Preparation is the second phase. This requires the creation of a detailed list of use cases and their mapping to a list of potential solutions by the team. The goal of this phase is to figure out what high-level requirements the final solution must meet and flesh them out with a variety of use cases.
The DevOps team, for example, may desire greater visibility into database instance performance. They can then build use cases around it, such as "as an engineer, I'd like to see how much CPU an instance is using."
The team can then do research and inventory to identify potential solutions to enable those use cases.
Phase 3 – Implementation
Finally, the team will be able to put its strategy into action. This process entails a number of different elements. After ensuring that the chosen solution best supports their goals, the team must deploy it.
This requires testing to ensure that it functions as expected before deploying to production. Any alerting and event management tactics described in the plan must be implemented using the solution.
Atatus has alerts. This allows teams to be alerted about anomalies without having to explicitly establish a threshold.
Last but not least, the team must document its findings in order to influence future improvements, as well as train all members of the team on how to make the most of the new solution.
Preventing DevOps Tool Sprawl
The amount of effort spent on choosing the correct tool against the instrument's perceived value was previously unspoken. Is the time and effort it takes to choose a tool worth it, given the problem it solves?
Your toolchain is likely complex and fragmented across planning, development environments, integration and security testing, performance and load testing, artifact production and distribution, configuration management, and operational monitoring due to the vast ecosystem of tools.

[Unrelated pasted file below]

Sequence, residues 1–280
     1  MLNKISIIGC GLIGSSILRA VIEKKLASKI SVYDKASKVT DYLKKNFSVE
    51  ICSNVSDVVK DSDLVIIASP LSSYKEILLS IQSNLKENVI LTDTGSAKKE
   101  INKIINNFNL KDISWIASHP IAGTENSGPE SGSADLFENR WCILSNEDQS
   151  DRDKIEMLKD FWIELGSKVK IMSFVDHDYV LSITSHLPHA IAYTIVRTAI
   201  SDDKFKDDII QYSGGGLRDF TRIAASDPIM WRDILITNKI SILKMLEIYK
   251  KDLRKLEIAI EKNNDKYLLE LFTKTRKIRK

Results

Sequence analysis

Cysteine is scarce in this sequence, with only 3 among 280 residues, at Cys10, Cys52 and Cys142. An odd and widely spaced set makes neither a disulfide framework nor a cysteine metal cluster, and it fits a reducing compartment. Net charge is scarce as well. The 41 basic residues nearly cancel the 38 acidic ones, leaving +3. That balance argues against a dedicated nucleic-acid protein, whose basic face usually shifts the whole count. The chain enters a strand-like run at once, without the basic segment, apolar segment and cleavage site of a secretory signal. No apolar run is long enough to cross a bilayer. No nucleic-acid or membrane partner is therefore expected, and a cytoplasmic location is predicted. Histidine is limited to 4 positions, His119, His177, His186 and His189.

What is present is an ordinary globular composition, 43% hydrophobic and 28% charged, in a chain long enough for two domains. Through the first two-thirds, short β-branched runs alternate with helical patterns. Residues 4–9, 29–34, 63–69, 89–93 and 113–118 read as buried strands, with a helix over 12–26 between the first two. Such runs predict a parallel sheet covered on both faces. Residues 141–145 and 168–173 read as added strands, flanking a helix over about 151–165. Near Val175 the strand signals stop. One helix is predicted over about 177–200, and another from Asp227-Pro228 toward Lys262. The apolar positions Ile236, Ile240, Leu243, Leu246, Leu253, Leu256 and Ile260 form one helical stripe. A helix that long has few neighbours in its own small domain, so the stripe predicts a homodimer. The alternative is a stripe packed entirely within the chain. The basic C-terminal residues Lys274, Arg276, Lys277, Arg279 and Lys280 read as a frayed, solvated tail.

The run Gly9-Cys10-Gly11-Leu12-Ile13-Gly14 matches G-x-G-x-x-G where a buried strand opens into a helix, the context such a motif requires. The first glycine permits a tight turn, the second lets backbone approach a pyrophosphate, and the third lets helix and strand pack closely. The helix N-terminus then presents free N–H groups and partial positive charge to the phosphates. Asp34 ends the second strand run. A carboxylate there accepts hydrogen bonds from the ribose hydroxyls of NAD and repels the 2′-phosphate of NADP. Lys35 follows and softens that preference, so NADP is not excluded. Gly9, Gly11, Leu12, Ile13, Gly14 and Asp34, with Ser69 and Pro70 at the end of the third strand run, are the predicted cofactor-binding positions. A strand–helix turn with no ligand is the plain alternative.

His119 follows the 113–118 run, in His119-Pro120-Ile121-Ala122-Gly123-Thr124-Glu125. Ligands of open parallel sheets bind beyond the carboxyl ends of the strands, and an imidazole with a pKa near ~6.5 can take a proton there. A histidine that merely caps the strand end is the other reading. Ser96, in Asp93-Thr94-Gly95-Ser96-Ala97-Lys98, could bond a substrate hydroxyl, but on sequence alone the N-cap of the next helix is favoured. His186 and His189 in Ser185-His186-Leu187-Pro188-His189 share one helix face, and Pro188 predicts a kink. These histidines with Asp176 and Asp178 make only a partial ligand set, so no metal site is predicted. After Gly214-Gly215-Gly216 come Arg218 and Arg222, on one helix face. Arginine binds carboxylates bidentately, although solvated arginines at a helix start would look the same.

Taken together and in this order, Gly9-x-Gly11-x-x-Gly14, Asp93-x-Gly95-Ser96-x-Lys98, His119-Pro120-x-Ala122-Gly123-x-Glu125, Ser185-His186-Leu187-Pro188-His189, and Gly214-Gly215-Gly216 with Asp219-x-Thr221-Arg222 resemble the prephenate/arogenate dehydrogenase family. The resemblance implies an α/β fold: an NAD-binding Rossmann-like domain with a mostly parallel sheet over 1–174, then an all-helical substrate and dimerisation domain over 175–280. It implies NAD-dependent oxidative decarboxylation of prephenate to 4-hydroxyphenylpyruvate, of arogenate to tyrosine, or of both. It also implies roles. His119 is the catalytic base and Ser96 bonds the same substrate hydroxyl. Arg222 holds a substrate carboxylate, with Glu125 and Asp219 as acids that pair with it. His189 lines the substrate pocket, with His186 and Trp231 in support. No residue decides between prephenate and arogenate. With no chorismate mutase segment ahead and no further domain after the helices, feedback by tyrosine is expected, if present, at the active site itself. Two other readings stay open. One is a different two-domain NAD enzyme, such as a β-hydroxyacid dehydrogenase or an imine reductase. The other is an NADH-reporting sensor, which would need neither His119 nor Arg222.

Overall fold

Given that you must devote a significant amount of time to selecting and evaluating each tool, it makes sense to minimise the number of tools you have and look for vendors that can tackle a number of related difficulties in a single tool. This not only cuts down on time spent selecting and validating tools but also keeps DevOps tool sprawl to a minimum.
And it's not that having more tools is bad; it's just that having more tools means there's more integration surface between them, which often requires special glue code to make them work together. And it's this glue code that's to blame for a lot of outages and broken pipelines, as well as a lot of technical debt.
We've learnt not to prioritise what we want over how we get it. Consider how your toolchain works and how much complexity you can take, then look for ways to simplify it, such as integrating security scanning of new builds with version control, so that merged code is verified automatically from a single DevOps tool.
Monitor Your Entire Application with Atatus
Atatus is a Full Stack Observability Platform that lets you review problems as if they happened in your application. Instead of guessing why errors happen or asking users for screenshots and log dumps, Atatus lets you replay the session to quickly understand what went wrong.
We offer Application Performance Monitoring, Real User Monitoring, Server Monitoring, Logs Monitoring, Synthetic Monitoring, Uptime Monitoring and API Analytics. It works perfectly with any application, regardless of framework, and has plugins.
Atatus can be beneficial to your business, which provides a comprehensive view of your application, including how it works, where performance bottlenecks exist, which users are most impacted, and which errors break your code for your frontend, backend, and infrastructure.
If you are not yet a Atatus customer, you can sign up for a 14-day free trial .